Families with young children in the downtown core may finally get a park back from homeless people who set up in the small green space day after day, doing drugs and otherwise disrupting the neighbourhood.
Young families of the Newmark apartments and other nearby residents have long complained that the toddler-focused park at the corner of Bole and Fletcher was essentially unusable by neighbours because of the near constant “undesirable activity” in the park.
This week, City of Chilliwack maintenance crews came in, ripped out bushes and small trees along the edges of the park and fenced it off temporarily.
“There is some general maintenance taking place at Bole and Fletcher Park,” Mayor Sharon Gaetz told The Progress Tuesday. “Part of it was planned in order for parks staff to effectively implement CPTED (Crime Prevention through Environmental Design) improvements.”
Gaetz said the park will remain closed until the improvements are complete.
“I can confirm that the city has received complaints about undesirable activity taking place in the park and we are hopeful that the CPTED improvements will help address those concerns.”
But long-time downtown homeless resident Tom Spooner said kicking the homeless out of the park goes contrary to Fraser Health’s public health messages to help stem the current opioid overdose crisis.
Spooner said a 52-year-old woman just died on the weekend, and he’s seen countless street people die of overdose in Chilliwack in the four-and-a-half years he’s been in town.
“How many more are going to die?” he asked, complaining that city crew came in, ripped up the trees and bushes and shut the park, forcing them all to scatter to more isolate places.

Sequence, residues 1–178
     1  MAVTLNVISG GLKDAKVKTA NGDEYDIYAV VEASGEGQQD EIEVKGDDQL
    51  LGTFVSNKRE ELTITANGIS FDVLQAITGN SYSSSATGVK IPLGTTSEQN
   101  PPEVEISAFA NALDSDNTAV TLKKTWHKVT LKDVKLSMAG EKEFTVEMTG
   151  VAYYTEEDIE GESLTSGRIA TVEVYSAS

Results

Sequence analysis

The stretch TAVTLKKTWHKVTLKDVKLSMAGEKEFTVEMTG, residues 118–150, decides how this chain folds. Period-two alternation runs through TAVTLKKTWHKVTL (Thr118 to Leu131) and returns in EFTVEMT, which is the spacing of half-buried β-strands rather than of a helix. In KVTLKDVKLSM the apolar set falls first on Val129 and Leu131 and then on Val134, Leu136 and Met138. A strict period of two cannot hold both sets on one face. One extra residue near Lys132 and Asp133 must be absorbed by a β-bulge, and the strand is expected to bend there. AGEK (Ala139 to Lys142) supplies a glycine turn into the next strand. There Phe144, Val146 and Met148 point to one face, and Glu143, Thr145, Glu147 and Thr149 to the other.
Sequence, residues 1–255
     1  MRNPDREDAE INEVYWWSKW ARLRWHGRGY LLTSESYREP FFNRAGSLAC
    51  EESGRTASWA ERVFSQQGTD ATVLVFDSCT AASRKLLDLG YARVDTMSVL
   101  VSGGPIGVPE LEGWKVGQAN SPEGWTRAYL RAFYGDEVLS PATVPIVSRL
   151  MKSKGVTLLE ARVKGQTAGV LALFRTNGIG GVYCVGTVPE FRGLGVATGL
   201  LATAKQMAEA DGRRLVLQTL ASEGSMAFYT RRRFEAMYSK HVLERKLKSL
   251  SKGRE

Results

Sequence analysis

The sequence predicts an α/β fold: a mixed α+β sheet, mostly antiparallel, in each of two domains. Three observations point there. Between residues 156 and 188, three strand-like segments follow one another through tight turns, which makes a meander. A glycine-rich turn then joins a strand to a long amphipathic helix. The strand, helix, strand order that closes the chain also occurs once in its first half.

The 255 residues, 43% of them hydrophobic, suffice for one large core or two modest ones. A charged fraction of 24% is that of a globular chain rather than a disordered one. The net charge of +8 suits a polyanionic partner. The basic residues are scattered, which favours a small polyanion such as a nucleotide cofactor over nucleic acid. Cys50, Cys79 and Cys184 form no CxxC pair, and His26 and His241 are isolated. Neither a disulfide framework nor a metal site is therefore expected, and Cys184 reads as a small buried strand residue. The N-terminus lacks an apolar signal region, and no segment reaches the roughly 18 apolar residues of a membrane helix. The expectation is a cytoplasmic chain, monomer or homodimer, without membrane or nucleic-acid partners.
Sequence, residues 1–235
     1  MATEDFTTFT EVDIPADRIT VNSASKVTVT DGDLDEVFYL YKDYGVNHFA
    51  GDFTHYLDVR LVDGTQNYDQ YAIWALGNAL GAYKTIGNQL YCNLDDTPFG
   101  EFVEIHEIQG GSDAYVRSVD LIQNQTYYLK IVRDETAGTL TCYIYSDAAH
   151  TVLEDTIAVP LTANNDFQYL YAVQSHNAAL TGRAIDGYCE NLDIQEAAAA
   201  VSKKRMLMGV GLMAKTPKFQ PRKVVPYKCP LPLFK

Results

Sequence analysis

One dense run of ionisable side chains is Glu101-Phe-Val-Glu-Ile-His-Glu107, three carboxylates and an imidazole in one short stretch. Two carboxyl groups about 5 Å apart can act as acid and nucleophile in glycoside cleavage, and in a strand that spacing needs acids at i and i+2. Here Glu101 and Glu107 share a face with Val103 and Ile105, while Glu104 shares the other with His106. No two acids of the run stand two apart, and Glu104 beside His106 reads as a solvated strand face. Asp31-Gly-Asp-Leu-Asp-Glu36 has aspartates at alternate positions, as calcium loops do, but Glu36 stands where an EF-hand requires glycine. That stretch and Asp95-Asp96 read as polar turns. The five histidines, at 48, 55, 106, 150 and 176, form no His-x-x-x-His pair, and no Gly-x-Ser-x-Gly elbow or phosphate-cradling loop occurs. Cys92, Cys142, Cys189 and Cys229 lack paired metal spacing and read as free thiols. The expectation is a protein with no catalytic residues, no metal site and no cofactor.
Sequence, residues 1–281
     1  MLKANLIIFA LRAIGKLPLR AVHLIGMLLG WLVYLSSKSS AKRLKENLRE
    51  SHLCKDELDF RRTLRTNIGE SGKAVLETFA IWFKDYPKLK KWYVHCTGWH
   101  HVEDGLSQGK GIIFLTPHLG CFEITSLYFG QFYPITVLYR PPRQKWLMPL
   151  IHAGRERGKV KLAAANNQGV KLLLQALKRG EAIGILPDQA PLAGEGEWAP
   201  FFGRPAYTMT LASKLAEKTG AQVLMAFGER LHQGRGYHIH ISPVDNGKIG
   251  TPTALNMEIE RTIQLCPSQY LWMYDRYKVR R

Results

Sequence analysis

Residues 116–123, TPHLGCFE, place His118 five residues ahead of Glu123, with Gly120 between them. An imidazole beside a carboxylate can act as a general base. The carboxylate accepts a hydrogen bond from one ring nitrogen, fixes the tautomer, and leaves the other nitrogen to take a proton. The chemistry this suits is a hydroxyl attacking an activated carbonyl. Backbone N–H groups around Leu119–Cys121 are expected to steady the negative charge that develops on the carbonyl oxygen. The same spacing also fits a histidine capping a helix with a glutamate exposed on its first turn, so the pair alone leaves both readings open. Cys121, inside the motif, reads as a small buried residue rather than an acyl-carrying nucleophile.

He pointed to Fraser Health’s number one tip for preventing an overdose: “Don’t use alone.” Kicking the homeless out of parks only force users into corners and isolation, worsening the overdose risk, Spooner argued.
“When I got that tent city going we never had one fatal,” he said, pointing to the homeless encampment a few years back near the old Empress site in the parking lots at Five Corners.
When asked about that argument, Coun. Sam Waddington said he understood the reality that people using should do it in a safe way, but parks are not the place.
“While people who are addicted need to be doing it in places with others, we see that happening, those populations are very tight, I just think it’s a bit of a stretch to say public parks are good for that.”
Gaetz said the city hopes the playground portion of the Bole and Fletcher Park will be open as quickly as possible so children can enjoy it this summer.